Interview with a Sculpture
It was the last
last day of summer last summer.
I don’t remember well since then.
Something’s stilled my appetite
for the clear light of autumn,
though not my taste for it. It just doesn’t fill me.
Before she took the chisel to me I was liquid—
like that physicist’s cat that’s both dead and alive
and you can’t know, until it is or it isn’t.
I knew what I was
and nobody else needed to.
Now, it’s okay, you can take a look,
I can let myself be an utter wreck for a minute.
Gold and iron, stone and leaf,
wind, dust, flame, tissue.
I think that you are supposed to come away filled,
as in autumn,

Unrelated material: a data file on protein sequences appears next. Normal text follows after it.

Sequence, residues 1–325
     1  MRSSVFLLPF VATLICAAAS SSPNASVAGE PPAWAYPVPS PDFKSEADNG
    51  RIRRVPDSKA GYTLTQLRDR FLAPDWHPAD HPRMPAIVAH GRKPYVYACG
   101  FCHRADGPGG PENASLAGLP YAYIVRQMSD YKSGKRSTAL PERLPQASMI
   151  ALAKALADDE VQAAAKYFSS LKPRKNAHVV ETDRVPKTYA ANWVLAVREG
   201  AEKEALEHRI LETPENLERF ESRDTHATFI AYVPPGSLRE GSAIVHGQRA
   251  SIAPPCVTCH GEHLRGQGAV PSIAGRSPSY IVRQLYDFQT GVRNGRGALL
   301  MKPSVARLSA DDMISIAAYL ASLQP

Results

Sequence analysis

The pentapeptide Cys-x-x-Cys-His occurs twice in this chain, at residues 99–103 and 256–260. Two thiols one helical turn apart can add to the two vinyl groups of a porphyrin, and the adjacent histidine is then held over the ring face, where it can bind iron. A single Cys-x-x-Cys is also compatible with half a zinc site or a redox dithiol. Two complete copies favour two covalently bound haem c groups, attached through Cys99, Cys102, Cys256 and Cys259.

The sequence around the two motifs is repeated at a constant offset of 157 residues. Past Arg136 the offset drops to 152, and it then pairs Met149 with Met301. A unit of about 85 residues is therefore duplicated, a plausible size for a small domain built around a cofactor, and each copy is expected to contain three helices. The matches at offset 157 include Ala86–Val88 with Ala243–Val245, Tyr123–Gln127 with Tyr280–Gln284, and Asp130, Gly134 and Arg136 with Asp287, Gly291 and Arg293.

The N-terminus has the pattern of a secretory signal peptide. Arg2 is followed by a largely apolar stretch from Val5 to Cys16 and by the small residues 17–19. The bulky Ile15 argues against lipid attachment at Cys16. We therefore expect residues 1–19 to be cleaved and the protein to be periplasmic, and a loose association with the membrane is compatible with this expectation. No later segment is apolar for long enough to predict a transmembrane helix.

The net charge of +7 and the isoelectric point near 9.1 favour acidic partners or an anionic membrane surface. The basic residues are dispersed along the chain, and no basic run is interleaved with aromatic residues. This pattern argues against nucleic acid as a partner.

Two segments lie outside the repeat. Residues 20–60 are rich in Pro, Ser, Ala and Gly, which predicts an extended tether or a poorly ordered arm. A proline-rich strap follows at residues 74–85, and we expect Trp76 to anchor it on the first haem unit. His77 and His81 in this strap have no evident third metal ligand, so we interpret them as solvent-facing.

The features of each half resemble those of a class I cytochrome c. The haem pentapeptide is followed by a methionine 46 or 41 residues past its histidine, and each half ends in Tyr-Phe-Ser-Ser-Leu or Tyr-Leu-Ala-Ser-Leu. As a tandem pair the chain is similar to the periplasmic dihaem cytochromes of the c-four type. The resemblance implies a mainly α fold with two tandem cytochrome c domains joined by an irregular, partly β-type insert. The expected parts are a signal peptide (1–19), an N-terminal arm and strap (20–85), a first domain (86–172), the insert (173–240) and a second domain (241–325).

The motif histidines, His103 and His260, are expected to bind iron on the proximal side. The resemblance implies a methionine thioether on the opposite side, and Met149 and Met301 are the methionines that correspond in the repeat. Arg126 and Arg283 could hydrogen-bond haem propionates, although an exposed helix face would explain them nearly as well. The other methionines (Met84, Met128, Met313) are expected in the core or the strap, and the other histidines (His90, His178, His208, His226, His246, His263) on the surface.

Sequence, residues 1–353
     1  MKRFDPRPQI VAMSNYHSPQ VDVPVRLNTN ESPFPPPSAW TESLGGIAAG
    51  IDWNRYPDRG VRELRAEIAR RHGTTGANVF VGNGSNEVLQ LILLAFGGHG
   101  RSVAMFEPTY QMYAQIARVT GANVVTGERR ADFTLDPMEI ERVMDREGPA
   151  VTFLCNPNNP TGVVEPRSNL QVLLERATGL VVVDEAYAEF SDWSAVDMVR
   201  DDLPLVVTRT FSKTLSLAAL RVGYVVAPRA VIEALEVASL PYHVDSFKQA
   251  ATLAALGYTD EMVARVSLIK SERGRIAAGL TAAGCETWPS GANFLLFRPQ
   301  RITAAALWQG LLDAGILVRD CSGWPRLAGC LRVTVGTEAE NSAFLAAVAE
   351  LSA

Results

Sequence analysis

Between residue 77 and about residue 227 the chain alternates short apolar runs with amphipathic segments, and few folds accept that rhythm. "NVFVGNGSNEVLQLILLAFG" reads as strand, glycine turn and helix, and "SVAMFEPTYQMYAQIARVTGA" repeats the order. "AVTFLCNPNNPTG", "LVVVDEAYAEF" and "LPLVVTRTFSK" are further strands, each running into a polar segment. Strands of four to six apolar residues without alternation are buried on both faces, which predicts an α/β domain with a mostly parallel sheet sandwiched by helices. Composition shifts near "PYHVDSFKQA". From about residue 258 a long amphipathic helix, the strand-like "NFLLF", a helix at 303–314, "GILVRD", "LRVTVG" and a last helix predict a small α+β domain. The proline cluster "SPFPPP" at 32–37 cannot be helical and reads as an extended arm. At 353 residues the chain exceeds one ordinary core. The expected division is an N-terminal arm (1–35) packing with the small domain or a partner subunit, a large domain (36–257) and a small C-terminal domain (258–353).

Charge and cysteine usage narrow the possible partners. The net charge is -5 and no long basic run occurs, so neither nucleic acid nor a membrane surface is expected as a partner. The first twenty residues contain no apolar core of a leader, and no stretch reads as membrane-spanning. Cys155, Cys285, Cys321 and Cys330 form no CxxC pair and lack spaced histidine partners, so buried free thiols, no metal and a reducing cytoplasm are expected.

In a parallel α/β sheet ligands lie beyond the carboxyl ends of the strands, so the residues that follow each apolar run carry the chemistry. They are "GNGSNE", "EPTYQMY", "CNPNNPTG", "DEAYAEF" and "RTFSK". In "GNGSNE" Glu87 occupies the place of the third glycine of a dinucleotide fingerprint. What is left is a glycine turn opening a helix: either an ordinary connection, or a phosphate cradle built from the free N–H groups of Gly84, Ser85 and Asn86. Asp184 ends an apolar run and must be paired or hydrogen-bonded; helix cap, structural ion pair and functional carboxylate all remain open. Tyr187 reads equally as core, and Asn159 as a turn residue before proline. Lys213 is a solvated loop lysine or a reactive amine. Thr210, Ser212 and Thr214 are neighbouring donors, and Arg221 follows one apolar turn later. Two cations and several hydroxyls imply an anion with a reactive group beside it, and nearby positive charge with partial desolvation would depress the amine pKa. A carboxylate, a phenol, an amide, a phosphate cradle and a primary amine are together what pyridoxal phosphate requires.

when the sky steps back and disrobes
and the gorgeous distant cold forces us to spin off light.
Like finding the low note in the song. Way down there.
You give it up—
it fills you.
Don’t be embarrassed
by the empty space,
the eventual silence.
She had to decide when to put the chisel down.
Shard, form, spine.
At some point I will collect myself and move on.
Nina Lindsay is the author of two collections of poetry, “Because” and “Today’s Special Dish.” Her work has appeared in the Colorado Review, the Kenyon Review, Ploughshares, Prairie Schooner, Rattle and other journals.